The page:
Emo rap alchemist Lil Peep only spends his energy to kill time. His music mines the contradictions between being young and free and being pessimistic and tortured; how having a future doesn’t make the sheer tedium of existing any easier.
The first thing to know about YoungBoy Never Broke Again, or NBA YoungBoy, is that he does most of his talking in verse. The teenage rapper from Baton Rouge is quiet outside his raps, which teem with pent-up aggression and anxiety. Because of this, many songs read like journal entries. He spills his guts in a grisly drawl still coated in a nasally boyish rasp, constantly negotiating the terms of innocence and indecency.
History has shown us that the mainstream doesn’t support more than one woman in rap at a time, but why are there so few female rappers in general? At the core of the issue is signing practices. In a recent interview with Power 105.1’s “The Breakfast Club,” rapper and Maybach Music Group head Rick Ross said he wouldn’t sign a female rapper because he can’t keep it in his pants, implying that he’d want sex as payment for basic label tasks.
Muck Rack makes it simple to find people, tweets, or articles that mention any name, keyword, company, hashtag etc. We've compiled this guide to help you make the most of your search.
Selecting a term
Start searching tweets, articles from media outlets, articles mentioned in tweets, journalists'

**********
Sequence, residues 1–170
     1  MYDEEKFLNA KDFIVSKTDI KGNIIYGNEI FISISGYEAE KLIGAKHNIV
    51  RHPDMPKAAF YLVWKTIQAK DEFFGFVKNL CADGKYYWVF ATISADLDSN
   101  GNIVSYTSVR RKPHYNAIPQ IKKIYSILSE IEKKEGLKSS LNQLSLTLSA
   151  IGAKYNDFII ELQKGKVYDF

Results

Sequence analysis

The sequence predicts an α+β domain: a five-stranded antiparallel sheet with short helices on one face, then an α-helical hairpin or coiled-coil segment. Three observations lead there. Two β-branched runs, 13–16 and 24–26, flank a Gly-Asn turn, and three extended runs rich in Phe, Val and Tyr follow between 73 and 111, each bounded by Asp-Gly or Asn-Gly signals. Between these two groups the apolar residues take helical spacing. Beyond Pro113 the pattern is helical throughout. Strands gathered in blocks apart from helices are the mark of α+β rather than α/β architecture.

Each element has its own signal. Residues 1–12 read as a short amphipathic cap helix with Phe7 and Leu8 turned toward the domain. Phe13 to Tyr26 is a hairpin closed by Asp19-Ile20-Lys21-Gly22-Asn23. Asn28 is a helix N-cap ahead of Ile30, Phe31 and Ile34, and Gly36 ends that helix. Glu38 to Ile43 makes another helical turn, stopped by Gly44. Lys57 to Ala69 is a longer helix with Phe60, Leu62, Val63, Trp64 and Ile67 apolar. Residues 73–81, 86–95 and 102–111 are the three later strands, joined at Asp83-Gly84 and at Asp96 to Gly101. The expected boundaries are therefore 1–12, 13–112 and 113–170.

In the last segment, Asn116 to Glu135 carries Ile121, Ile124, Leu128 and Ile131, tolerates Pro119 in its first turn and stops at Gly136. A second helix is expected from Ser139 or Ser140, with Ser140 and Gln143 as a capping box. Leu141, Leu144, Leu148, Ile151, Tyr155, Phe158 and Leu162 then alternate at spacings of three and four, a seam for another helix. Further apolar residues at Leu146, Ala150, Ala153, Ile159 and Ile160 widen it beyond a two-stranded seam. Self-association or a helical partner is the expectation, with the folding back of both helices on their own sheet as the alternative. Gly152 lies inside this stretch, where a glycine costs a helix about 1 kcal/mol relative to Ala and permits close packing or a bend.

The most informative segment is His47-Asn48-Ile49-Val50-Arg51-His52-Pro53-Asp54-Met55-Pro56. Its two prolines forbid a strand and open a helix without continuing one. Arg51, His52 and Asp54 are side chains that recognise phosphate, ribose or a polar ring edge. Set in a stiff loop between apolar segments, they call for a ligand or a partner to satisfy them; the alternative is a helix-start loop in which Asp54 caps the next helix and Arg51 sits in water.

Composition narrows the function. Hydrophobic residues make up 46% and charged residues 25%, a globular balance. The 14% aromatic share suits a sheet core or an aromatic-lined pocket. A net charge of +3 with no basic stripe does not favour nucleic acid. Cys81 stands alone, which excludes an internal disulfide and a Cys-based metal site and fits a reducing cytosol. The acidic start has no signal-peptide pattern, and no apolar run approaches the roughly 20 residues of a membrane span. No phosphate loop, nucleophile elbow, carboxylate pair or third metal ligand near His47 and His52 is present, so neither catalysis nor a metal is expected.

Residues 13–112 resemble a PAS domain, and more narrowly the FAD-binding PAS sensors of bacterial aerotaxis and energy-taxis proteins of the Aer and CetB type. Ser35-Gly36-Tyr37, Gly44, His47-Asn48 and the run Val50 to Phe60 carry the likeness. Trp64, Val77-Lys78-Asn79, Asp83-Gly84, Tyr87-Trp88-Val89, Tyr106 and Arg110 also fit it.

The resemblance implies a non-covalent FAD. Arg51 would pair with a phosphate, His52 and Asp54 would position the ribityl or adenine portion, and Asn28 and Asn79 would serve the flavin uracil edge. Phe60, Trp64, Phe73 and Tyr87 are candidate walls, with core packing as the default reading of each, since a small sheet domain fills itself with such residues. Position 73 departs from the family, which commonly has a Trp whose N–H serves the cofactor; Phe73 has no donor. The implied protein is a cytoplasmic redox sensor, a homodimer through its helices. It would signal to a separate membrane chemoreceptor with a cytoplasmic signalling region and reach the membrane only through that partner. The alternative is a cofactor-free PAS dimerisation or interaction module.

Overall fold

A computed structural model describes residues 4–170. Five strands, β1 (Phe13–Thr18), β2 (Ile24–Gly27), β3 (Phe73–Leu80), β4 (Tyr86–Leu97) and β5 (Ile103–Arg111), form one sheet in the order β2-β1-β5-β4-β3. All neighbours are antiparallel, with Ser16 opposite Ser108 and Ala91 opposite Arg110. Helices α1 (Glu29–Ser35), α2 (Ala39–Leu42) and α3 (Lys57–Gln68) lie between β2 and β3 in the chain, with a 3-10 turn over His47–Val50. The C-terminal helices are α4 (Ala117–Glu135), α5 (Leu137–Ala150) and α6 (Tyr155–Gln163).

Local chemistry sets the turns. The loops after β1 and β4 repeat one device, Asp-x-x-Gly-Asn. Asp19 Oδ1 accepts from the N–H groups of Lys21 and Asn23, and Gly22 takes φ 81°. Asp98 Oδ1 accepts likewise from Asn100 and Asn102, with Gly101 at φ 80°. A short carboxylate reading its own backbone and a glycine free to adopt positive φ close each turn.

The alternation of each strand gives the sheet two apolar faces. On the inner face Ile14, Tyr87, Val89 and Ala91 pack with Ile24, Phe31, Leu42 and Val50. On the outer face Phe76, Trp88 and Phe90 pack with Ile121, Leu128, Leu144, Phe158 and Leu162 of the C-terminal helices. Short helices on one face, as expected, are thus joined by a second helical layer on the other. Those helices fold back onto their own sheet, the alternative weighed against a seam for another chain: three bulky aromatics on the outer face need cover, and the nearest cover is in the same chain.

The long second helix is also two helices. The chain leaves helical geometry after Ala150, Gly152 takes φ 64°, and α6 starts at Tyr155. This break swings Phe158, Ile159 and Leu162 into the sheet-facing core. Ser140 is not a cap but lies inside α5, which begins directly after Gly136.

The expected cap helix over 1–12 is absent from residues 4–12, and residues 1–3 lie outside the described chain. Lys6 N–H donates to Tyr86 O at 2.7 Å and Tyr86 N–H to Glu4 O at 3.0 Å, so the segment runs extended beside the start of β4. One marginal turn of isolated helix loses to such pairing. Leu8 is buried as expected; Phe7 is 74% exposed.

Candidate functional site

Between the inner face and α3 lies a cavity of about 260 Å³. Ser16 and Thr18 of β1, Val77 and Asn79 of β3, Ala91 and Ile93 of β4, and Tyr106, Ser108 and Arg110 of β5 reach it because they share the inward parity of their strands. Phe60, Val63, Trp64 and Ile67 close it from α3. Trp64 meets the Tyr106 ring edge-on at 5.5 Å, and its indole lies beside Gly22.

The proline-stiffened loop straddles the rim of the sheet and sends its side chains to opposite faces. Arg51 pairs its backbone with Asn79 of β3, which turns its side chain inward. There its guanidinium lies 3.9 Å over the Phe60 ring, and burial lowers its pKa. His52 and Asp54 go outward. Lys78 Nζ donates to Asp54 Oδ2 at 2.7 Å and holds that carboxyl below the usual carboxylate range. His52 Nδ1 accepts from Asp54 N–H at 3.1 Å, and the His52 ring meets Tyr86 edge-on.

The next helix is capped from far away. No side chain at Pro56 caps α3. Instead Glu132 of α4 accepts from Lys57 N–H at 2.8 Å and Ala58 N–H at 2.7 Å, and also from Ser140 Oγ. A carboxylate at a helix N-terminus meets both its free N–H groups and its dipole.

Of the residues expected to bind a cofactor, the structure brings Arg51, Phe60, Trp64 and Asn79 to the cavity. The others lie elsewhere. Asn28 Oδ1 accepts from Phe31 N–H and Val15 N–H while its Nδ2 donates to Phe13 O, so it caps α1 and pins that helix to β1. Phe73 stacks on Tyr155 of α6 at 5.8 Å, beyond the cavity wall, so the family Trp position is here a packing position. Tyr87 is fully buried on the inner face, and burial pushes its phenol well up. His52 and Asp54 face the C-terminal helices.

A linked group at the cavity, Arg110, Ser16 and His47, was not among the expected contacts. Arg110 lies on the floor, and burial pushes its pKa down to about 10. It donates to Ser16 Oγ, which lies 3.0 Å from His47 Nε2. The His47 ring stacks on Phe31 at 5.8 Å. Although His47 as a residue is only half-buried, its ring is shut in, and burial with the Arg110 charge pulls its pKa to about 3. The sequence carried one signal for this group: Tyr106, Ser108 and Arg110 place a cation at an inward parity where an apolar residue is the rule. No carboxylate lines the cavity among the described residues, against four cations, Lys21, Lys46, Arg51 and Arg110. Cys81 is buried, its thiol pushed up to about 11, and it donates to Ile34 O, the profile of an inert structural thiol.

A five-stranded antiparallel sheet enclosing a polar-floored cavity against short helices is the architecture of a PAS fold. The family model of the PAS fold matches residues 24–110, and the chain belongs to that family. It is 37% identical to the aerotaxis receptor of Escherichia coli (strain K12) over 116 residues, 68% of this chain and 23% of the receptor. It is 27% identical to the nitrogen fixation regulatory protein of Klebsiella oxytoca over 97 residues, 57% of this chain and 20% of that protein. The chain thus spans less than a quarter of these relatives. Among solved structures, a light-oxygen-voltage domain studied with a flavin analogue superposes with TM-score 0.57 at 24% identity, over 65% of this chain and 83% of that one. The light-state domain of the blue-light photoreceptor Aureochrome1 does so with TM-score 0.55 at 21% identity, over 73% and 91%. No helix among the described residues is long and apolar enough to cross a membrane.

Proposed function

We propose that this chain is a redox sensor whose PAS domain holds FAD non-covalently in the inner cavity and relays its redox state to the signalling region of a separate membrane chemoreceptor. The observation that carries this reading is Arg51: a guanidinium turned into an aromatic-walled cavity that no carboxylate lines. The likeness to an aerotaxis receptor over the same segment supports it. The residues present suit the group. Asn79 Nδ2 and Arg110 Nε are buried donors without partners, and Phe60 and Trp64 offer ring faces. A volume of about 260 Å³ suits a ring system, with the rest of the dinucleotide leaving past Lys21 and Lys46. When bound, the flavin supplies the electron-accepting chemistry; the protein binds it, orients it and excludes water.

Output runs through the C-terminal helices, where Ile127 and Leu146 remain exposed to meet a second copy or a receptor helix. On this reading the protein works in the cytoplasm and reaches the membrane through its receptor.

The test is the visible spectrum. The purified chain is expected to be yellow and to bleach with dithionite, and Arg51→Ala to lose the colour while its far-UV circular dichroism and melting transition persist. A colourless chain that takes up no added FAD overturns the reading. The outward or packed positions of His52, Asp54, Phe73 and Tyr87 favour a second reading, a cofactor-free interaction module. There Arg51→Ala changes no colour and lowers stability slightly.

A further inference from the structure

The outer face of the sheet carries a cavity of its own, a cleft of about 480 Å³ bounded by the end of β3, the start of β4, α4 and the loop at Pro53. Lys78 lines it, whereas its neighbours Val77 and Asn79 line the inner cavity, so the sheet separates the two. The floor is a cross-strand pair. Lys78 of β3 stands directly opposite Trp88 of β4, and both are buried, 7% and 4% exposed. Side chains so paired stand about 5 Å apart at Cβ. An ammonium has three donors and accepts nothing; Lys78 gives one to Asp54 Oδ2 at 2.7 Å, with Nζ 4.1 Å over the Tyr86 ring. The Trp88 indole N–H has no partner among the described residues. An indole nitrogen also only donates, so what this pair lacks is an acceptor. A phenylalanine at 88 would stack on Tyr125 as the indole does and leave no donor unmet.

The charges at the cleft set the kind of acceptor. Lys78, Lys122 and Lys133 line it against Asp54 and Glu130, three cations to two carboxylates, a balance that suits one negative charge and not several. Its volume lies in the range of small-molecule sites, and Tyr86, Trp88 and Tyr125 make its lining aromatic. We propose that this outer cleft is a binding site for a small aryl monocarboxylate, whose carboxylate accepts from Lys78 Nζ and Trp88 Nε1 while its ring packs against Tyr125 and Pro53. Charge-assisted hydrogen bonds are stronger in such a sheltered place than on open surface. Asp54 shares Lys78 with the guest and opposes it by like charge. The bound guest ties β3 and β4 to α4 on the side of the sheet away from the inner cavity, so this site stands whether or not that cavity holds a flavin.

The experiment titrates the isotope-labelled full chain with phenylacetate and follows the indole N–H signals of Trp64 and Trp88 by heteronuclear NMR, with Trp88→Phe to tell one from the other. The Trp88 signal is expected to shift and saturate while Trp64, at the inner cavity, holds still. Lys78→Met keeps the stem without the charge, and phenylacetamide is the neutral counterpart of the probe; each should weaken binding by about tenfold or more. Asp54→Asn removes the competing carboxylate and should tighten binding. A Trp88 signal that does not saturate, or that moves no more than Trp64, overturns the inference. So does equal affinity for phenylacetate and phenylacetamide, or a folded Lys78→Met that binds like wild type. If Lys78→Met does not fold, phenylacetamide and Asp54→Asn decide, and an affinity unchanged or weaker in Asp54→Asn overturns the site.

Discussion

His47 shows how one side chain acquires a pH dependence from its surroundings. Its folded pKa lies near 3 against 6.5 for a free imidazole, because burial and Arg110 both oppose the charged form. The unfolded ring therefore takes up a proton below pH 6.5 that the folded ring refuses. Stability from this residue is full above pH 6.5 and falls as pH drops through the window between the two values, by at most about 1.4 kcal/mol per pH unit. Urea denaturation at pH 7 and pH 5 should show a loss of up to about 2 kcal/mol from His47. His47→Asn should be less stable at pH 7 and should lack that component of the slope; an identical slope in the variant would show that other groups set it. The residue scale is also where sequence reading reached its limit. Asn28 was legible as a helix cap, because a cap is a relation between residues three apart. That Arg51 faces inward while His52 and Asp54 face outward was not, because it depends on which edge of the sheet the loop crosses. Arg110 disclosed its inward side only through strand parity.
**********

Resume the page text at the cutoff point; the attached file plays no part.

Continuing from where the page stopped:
names, titles and bios with some suggested searches:
Companies or Topics (e.g. iPhone, Microsoft)
Phrases (e.g. "cloud computing") — use quotes to keep the terms together
Twitter handles (e.g. @username) — returns those who have mentioned or replied to
Names (e.g. "David Pogue")
Hashtags (e.g. #sxsw, #london2012)
Bio details (e.g. vegan, Olympics, father)
Muck Rack's Advanced Search allows for many boolean operators.
Find results that mention multiple specified terms, use AND or
+. For example, ensure each result contains both Elon Musk and Mark Zuckerberg by
searching Obama AND Romney or Obama + Romney.
Use the operators OR or , to broaden your search when you'd like either of
multiple terms to appear in results. (This is the default behavior of our search when no operators
are used.) For example, search for democrat OR republican to find results that refer to
Democrats and/or Republicans.
Use NOT or - to subtract results from your search. For
example, searching Disney will yield results about the Walt Disney Company as well as Walt Disney
World Resort. To exclude mentions of Disney World, search for Disney -World or Disney
When using one of these operators with a phrase, enclose it in quotation marks. For example, you can
find results about smartphones excluding Apple's iPhone 4S by searching smartphone -"iPhone
Exact case matching or punctuation
If you're searching for a brand name or keyword that relies on specific punctuation marks or capitalization, you can
find results that match your exact query by adding matchcase: before the keyword you're searching for, like matchcase:E*TRADE .
Use parentheses to separate multiple
boolean phrases. For example, to find journalists talking about having fun in Disney World or
Disneyland, search for ("disney world" OR disneyland) AND fun.
An asterisk can be used to search for any variation of a root word truncated by the asterisk. For example, searching for admin* will return results for administrator, administration, administer, administered, etc.
A near operator is an AND operator where you can control the distance between the words. You can vary the distance the near operation uses by adding a forward slash and number (between 0-99) such as strawberries NEAR/10 "whipped cream", which means the strawberries must exist within 10 words of "whipped cream".